Shigeru Mizuki’s Hitler

By Shigeru Mizuki. Released in Japan as “Gekiga Hitler”by Jitsugyou no Nihonsha, serialized in the magazine Manga Sunday. Released in North America by Drawn and Quarterly.

It saddens me to be writing this review now that Mizuki has passed on, but I am pleased that his work is still coming out to entertain and fascinate us all. Showa just completed, we have this new Hitler volume, and Kitaro finally gets a broader release in 2016. He spent his life creating works that will remain behind long after his death. And that includes this book, which was called something like Hitler: The Graphic Novel in Japan, but has been retitled here. And it fits, as the Hitler we’re seeing here feels more like Mizuki’s than it does history’s. This isn’t to say that Mizuki hasn’t done his research: everything is carefully couched in the history that we know (which is not as much as we’d like to). But as the book goes on and we dig deeper and deeper into the darkness of Hitler and the Nazi party, he becomes his own caricature.

hitler

We start off with Hitler as a starving artist, not looking unlike what Kitaro might look if he grew up. Those familiar with Showa will know what we’re getting here, though he did this work first: a combination of historical textbook mixed with dramatized scenes. The dialogue not taken directly from Hitler’s speeches is very perfunctory and drab, deliberately so, I believe: these are real human beings deciding to commit all these atrocities in the name of power, and it wouldn’t do to make their evil more grandiose than it needs to be. As the book goes on, we continue to see Hitler’s rise to power and eventual realization, during World War II, that he’s on the losing side. Most of the major points are kept: his disturbing relationship with his niece, his failing health towards the end, his power of rhetoric swaying opinions – and when that doesn’t work, killing anyone who opposes him.

The introduction notes that Western readers might be surprised at how little the Holocaust was mentioned. I was *very* surprised – it gets one page, right near the end, but other than that and Hitler ranting about Jews a few times in the first half of the book, we get almost nothing about concentration camps or anything else – most of the WWII history is confined to troop movements and leadership positions. To be fair, there are a LOT of famous people in this book, and Mizuki wants to keep it simple by focusing on the politicians he’s sure Japanese readers will know. Still, it’s a startling gap in the book.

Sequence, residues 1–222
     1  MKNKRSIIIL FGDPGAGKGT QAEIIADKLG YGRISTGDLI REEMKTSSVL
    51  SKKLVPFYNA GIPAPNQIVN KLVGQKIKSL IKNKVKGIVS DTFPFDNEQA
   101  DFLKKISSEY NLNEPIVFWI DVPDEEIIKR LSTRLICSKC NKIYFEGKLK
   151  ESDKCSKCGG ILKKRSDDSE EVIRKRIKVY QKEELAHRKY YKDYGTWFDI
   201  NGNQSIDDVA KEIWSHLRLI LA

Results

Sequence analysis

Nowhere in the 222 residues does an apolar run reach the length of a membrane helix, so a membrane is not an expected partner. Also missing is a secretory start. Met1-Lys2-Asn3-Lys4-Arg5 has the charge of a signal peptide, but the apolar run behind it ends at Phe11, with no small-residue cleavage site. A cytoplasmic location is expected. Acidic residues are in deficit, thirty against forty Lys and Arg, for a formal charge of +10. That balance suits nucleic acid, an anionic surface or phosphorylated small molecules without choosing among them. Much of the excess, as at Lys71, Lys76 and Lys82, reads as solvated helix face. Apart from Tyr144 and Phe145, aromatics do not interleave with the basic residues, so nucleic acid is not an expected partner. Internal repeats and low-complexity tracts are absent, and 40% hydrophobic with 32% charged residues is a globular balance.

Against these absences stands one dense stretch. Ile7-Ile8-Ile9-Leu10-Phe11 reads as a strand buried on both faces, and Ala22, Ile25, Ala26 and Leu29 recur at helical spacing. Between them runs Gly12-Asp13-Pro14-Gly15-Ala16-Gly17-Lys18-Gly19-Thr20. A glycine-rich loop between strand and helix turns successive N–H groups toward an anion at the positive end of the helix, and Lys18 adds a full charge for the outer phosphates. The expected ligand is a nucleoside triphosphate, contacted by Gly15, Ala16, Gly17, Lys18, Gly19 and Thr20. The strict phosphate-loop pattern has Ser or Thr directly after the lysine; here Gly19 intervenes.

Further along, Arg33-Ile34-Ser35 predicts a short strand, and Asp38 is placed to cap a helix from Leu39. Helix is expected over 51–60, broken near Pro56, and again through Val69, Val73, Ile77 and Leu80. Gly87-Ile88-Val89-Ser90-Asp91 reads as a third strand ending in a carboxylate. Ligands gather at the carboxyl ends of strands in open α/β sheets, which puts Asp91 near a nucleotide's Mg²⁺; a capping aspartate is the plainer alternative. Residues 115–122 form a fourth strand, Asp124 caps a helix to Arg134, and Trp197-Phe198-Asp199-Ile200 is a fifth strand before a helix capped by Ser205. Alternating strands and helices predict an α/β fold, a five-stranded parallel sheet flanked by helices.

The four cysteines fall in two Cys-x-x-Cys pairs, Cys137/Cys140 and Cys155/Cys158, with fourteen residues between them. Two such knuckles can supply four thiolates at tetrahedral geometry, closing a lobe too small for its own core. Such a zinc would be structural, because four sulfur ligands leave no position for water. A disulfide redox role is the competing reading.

The best reason to read this book is Mizuki’s art, in particular his facial expressions. This has always been a strong point of Mizuki’s, but it’s almost sublime here, as his Hitler’s desperate, snorting face gives the pent-up emotion that the dry dialogue can’t necessarily carry. (Some of the funniest moments have Hitler reacting to horrible events with a simple “gyah!”.) Goebbels in particular is amazing, as Mizuki decides about 3 pages after his introduction to try to draw him like some sort of twisted Picasso face, attempting to slide off the page every time we look at it. It’s so fitting for Goebbels that I can’t help but laugh. Each caricature looks like the man portrayed, yes also exaggerates them to ridiculous heights.

If you’re looking for a good overview of Hitler’s rise to power, I think there are better books. But for a book showing us Shigeru Mizuki’s unique take on Hitler, and his ability to show off the man’s unique evil in his own style, this is a great choice. Also for amusement, try to add up the times we see Hitler doing the standard “Mizuki snort of rage” pose.

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